Resignations amongst executives increased in the year to January 2004 as increases in salaries and bonuses slowed, according to research by the Chartered Management Institute (CMI) and Remuneration Economics.
The 2004 National Management Salary Survey of almost 22,000 managers reveals that despite a growth in the number of bonus payments, the average total bonus fell by almost £500, from £3,955 in 2003 to £3,509.
Combined earnings for managers rose by 4.8 per cent, from £41,369 to £42,050 a fall on the 5.2 per cent rise reported in the 2003 survey.
Managers in London currently top the earnings league table on £49,043 with those in East Anglia earning the least (£36,096).
Over the year, the number of executives handing in their notice increased. Almost five per cent of directors and managers resigned their posts, compared to four per cent in the year to January 2003.
Resignations are highest amongst professionals in business service functions (8.6 per cent) and human resources (6.2 per cent), but in the manufacturing sector only 1.5 per cent of labour turnover is accounted for by voluntary resignation.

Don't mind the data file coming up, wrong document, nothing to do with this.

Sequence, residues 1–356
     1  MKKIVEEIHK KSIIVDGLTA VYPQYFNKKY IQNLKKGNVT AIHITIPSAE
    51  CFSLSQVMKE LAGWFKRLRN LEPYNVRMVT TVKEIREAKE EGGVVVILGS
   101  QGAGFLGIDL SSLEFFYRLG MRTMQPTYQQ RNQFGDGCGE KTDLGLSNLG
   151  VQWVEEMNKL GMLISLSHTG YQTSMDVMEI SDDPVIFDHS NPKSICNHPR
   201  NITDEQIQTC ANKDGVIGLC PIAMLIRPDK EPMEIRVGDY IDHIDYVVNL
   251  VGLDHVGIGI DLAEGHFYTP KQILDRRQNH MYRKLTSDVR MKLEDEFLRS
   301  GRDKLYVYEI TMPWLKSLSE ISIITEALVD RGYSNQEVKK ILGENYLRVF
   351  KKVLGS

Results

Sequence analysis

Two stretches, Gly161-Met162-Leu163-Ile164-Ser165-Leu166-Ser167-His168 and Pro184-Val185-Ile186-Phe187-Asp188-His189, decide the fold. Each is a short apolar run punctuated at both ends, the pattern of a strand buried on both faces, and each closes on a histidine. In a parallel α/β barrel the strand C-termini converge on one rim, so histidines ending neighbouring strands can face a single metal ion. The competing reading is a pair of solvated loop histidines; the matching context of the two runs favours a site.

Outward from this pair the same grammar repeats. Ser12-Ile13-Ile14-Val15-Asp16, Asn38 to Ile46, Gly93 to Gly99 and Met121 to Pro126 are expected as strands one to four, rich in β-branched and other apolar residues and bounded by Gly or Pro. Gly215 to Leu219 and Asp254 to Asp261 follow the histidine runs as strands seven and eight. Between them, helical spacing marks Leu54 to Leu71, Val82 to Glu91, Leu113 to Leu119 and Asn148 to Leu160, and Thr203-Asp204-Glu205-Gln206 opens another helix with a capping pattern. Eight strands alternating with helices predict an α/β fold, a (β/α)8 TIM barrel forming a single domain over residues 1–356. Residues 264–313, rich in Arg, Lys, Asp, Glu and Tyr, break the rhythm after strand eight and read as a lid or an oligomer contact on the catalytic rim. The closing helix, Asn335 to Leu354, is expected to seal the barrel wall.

The most loyal executives are in the West Midlands, where only two per cent resigned in the last year.
Surprisingly the survey found that senior managers are increasingly likely to move jobs despite the belief that 'seniority equals stability.' More than one in ten chief executives (12.9 per cent) changed employer in the last year, a significant increase on the 2002 figure of 4.8 per cent.
Almost six out of ten businesses also cited competition from other organisations as a reason for losing staff.
Petra Cook, head of policy at the Chartered Management Institute, said that if left unchecked, the increase in resignations will impact upon the future strategic development of UK organisations.
"There is also a growing need to develop benefits packages to suit a range of lifestyles as employees are clearly focusing on the value of their remuneration package as a whole before deciding whether to change jobs," she added.